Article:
GDP was upwardly revised a bit over the past three and a half years, but as the chart above shows, the economy is still about 12% smaller than it could have been if we extrapolate from the growth trend over the past 50 years. That 12% "output gap" translates into roughly a $2 trillion shortfall in national income—that's an awful lot of money and jobs that have gone missing. This is a real national tragedy, that we have experienced such a weak recovery. If there is a silver lining to this dark cloud, it is that we now know that running up annual deficits of well over $1 trillion per year (equivalent to a whopping 9% of GDP each year on average) for the past three years hasn't managed to help the economy at all. Indeed, it's likely that the deficits are to blame for most of the underperformance, because they served mainly to redistribute income and finance a lot of wasteful and unproductive spending (e.g., Solyndra et. al.). In other words, the government spending multiplier is probably negative; we would have been much better off without all that "spending."

One other important piece of news is that despite the economy's unprecedented (in modern times) output gap, inflation remains positive, and still close to the upper bound of the Fed's target range. Keynesian theory has thus suffered a double body blow in this recovery: government spending is not necessarily stimulative, and weak growth is not necessarily deflationary.

Indeed, even as economic growth has slowed this year, from a 4.1% annualized rate in Q4/11 to 1.5% in  Q2/12, forward-looking inflation expectations (as shown in the chart above, which plots the implied 5-yr, 5-yr forward inflation expectations embedded in TIPS and Treasury prices) have been rising, albeit modestly.

Thursday, July 26, 2012

Capex remains flat

New orders for capital goods, a good proxy for business investment, have been flat for the past year. This is somewhat discouraging, since it points to a lack of confidence on the part of businesses, and it portends reduced productivity growth in the future. But it's not necessarily a precursor to a recession. If anything, it simply reflects the well-known fact that the economy has been growing very slowly for the past few years, and it suggests that growth is likely to remain disappointingly slow for the rest of the year. No surprise.

Even though the lack of robust growth and the still-high unemployment rate are deeply disappointing, it remains the case—as I have been pointing out continuously for the past three and a half years—that the economy has been doing better than expected. The only thing that moves markets is the unexpected; if the market expects a recession but instead the economy grows a measly 1-2%, that is a positive. I've argued repeatedly that the market has been priced to very weak and even recessionary conditions, as reflected, for example, in the extremely low level of Treasury yields and the below-average level of PE ratios at a time when corporate profits have been extremely strong. So if the economy continues to grow slowly and avoids a recession, then equity prices are likely to continue to move higher.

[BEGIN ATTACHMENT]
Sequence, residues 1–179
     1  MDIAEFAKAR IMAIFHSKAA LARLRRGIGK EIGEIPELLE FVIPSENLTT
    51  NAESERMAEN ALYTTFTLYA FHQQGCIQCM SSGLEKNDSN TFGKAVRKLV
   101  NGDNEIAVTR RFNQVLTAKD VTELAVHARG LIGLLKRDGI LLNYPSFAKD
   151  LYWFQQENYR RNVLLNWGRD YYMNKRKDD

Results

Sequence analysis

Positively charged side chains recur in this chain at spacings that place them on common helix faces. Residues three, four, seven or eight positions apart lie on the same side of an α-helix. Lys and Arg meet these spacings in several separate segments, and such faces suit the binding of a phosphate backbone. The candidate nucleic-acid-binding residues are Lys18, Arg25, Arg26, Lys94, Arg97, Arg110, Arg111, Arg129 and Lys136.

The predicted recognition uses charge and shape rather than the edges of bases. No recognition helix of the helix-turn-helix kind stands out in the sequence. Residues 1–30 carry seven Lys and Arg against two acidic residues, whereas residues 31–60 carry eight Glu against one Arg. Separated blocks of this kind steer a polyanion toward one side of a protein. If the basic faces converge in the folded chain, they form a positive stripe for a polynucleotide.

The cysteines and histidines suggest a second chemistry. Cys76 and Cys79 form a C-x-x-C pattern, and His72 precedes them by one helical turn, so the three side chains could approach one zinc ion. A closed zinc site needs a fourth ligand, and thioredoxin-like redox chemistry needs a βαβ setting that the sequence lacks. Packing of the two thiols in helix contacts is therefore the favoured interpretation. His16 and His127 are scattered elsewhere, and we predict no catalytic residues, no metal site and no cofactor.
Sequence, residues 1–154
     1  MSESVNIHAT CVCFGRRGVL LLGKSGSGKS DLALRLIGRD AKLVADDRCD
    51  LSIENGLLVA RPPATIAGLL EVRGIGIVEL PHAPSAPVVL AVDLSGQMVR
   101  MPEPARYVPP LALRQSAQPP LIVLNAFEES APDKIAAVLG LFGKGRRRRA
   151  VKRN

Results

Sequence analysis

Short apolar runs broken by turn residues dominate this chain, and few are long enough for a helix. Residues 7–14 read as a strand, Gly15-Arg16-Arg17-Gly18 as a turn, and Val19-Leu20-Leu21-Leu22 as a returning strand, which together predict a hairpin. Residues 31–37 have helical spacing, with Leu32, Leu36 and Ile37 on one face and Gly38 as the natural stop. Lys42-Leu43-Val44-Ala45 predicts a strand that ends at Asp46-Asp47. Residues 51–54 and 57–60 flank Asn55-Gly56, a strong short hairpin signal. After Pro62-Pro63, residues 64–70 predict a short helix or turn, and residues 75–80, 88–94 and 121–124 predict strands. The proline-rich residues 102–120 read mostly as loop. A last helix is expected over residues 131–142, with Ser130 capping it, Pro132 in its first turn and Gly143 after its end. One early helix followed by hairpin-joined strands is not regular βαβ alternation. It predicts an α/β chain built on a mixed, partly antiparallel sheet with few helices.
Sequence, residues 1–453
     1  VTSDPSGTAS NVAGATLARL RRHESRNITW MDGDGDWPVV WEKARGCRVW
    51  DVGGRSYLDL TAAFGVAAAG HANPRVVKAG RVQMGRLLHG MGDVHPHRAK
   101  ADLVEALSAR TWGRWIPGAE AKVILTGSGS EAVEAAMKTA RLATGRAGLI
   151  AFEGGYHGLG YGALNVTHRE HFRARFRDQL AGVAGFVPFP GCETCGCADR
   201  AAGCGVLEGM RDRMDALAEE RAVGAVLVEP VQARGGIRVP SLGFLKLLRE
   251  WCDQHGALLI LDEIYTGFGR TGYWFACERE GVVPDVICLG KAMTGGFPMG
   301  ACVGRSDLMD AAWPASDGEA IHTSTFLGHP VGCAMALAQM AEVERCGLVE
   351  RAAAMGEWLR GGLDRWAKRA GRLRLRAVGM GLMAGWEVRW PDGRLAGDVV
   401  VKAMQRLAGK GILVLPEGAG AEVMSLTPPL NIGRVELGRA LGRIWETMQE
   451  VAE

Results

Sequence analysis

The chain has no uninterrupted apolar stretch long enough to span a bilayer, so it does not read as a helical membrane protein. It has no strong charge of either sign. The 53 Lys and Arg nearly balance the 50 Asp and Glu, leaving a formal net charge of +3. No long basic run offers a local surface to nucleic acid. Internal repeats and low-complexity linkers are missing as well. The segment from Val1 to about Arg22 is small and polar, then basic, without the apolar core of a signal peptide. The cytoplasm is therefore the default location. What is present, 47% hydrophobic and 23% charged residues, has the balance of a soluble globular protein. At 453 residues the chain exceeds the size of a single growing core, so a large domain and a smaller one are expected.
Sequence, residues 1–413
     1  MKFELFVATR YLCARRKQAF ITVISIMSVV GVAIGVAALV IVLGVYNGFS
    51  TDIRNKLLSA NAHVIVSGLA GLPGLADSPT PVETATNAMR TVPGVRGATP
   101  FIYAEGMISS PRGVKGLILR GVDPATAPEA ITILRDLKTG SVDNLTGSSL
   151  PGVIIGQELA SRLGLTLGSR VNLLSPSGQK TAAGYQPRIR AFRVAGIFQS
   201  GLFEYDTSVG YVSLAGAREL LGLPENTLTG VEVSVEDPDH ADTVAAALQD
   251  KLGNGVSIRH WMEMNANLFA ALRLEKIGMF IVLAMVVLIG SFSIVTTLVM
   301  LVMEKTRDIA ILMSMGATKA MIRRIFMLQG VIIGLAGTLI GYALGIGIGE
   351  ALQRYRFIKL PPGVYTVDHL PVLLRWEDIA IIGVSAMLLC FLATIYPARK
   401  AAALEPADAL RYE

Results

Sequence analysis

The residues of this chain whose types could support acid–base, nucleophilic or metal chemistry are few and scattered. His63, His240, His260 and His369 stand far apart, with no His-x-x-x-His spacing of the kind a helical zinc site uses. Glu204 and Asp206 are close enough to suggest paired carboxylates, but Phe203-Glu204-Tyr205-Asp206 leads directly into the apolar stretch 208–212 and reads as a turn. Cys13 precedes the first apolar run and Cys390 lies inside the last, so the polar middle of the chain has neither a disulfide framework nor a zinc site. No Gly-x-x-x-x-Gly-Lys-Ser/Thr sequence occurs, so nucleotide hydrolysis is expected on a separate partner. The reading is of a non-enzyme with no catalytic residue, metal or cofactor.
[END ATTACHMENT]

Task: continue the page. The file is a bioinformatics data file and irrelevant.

Claims update: still positive

Weekly unemployment claims have been erratic in recent weeks, a sure sign of seasonal adjustment problems. It now looks like the typical auto industry layoffs that occur in July have been fewer than expected, so in a few weeks we should see the true underlying trend reassert itself, and it will likely prove to be still downwards. Although the number of people receiving unemployment insurance (second chart above) has ticked up in recent weeks, on a year over year basis (which eliminates seasonal variations) it has been declining at about a 15% rate for most of this year.

On the margin, these timely indicators of the health of the economy continue to be positive. As the chart below suggests, the gradual improvement in the level of weekly claims has been helping to guide the equity market higher.

Wednesday, July 25, 2012

The global yield plunge